The fundamental question of how interest is determined and rolled out on these DeFI platforms is one of utmost importance, both to the user as well as the administrators of the protocol itself. An individual picks a coin they want to lend, as well as the smart contract using a DeFi application, post which the interest (coins) is sent directly to the corresponding wallet. The interest rate is calculated by using the ratio that exists between the supplied and borrowed tokens in a particular market. Moreover, often, the borrowed annual percentage yield is higher than the supply APY in relation to a particular market. Interest APYs are determined per Ethereum block, hence, DeFi lending entails users being provided with variable interest rates that can change drastically based on the lending and borrowing demand for particular tokens. Some protocols, like Aave, offer users a stable “borrow APY” and flash loans, for which no upfront collateral is required, allowing small investors to participate in the protocol’s dynamics as well. 

DeFi protocols present some risks. One of them is third-party smart contract tampering, coupled with the risk of volatile borrowing APYs that can change drastically in short time periods. Compared with centralized finance, there don’t seem to be any practical dangers associated with DeFi lending, but there are certain smart contract risks. For example, during the 2020’s “yield farming” DeFI craze, borrow APYs on certain cryptocurrencies were up over 40%. This must have caused some unaware, naive users, who may not track their interest rates daily to repay much higher than what they might have initially expected. There is a limit on how much one can borrow, and two primary factors govern what that amount might be. First, the size of the total fund pool available for borrowing from a particular market. While this may not be a major issue, it could become a factor if somebody borrows an unusually large quantum of coins from the pool. Secondly, the dependency on the “collateral factor” of one’s supplied tokens. This is the total amount of funds that can be borrowed based on the quality of the collateral provided. For example, Dai and Ether (ETH) have a collateral factor of 75% on the DeFi lending platform Compound, which means that users can take a loan of up to 75% of the value of their supplied Dai or ETH. Overall, while the entire process of lending and borrowing using DeFi platforms is fairly simple, there are certain small differences in terms of how each specific protocol operates, for example, the various wallets they support, applicable fees, etc..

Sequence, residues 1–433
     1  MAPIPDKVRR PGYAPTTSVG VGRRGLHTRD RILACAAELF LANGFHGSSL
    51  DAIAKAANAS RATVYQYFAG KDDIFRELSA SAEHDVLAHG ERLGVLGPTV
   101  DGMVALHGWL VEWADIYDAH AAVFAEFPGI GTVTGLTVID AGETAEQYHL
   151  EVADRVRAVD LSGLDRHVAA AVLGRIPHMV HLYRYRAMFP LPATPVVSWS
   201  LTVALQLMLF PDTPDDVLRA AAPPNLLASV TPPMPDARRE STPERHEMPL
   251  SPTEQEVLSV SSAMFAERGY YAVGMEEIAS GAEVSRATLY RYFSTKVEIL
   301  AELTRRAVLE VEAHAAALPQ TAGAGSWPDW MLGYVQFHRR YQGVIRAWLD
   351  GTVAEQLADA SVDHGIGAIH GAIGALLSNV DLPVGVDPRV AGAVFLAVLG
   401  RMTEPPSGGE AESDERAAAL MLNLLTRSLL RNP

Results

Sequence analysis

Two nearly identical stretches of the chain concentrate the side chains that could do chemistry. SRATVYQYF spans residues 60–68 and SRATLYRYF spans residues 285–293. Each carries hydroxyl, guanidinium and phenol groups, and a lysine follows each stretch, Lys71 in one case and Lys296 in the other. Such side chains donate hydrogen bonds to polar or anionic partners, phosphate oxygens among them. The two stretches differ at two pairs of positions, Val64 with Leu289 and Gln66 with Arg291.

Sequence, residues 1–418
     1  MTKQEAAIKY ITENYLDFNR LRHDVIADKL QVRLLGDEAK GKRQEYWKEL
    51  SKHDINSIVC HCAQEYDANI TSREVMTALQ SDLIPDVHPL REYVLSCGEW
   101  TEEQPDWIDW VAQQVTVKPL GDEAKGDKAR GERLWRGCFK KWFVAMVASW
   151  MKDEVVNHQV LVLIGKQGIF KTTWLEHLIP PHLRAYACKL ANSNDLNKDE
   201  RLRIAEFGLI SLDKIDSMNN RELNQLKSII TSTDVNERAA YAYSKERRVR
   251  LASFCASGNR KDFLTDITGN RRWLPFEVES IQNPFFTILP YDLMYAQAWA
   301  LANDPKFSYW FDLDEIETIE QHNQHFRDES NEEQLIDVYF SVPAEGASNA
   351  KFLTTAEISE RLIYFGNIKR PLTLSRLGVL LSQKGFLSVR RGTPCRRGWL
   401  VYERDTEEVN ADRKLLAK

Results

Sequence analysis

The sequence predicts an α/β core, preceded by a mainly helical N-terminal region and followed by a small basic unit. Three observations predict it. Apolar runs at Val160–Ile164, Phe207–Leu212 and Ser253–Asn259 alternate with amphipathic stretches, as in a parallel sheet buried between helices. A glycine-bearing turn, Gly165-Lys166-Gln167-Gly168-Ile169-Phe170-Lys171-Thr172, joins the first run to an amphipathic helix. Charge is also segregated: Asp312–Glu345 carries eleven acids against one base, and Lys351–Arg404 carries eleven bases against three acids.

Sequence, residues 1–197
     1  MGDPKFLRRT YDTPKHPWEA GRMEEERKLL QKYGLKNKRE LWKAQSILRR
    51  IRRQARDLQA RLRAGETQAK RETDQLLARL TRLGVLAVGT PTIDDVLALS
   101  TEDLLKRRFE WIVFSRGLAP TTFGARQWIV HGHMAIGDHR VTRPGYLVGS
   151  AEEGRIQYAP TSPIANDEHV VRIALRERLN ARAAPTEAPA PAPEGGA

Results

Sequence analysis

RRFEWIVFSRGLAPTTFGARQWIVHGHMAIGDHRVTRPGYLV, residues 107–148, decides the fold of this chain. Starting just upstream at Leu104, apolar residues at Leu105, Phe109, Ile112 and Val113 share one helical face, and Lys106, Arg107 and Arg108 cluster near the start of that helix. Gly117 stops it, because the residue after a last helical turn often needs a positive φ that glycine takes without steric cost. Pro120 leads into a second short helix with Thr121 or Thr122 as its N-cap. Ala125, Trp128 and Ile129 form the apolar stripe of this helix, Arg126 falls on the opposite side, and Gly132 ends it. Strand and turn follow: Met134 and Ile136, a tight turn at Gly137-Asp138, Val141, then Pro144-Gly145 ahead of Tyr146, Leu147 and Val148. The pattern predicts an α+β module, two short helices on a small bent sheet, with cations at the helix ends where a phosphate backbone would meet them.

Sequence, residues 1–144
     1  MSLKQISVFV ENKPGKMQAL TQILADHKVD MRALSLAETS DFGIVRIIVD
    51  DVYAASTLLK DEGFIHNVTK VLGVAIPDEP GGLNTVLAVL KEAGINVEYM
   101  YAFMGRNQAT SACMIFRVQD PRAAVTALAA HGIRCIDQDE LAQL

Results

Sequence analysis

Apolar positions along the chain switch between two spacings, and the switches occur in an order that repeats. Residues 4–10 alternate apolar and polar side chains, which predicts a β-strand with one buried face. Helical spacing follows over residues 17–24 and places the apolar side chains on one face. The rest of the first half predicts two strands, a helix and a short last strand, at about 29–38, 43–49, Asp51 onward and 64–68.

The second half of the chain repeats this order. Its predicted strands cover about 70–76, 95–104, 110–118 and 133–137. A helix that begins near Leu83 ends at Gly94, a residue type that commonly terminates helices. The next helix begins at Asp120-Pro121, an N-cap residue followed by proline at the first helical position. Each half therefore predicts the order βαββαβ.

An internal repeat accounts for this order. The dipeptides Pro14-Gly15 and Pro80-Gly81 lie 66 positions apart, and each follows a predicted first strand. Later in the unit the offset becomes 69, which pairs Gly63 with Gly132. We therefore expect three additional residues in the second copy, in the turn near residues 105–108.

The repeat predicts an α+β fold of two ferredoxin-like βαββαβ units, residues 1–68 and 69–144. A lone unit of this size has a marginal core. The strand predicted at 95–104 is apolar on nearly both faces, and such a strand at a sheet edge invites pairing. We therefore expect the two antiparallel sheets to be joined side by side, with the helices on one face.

Less prone to failure and more efficient, decentralized financial systems have provided a considerable improvement over the more standardized way of engaging in lending and borrowing activities. The decentralized ecosystem is growing globally, especially since over the years they have become more affordable as the technology has evolved. However, users must be cautious, study the protocol on which they choose to lend/borrow, monitor APYs on a regular basis, and ensure that they have inserted the correct wallet numbers and address details so as not to end up losing their funds since there is no way to recover them in such a scenario.

References:

https://help.coinbase.com/en

https://cointelegraph.com/

https://coinmarketcap.com/

Disclaimer : This report is not intended to be relied upon as advice to investors or potential investors and does not take into account the investment objectives, financial situation or needs of any investor. All investors should consider such factors in consultation with a professional advisor of their choosing when deciding if an investment is appropriate. The Company has prepared this report based on information available to it, including information derived from public sources that have not been independently verified. No representation or warranty, express or implied, is provided in relation to the fairness, accuracy, correctness, completeness or reliability of the information, opinions or conclusions expressed herein. This report is preliminary and subject to change; the Company undertakes no obligation to update or revise the reports to reflect events or circumstances that arise after the date made or to reflect the occurrence of unanticipated events. Trading & Investments in cryptocurrencies viz. Bitcoin, Bitcoin Cash, Ethereum etc.are very speculative and are subject to market risks. The analysis by Author is for informational purposes only and should not be treated as investment advice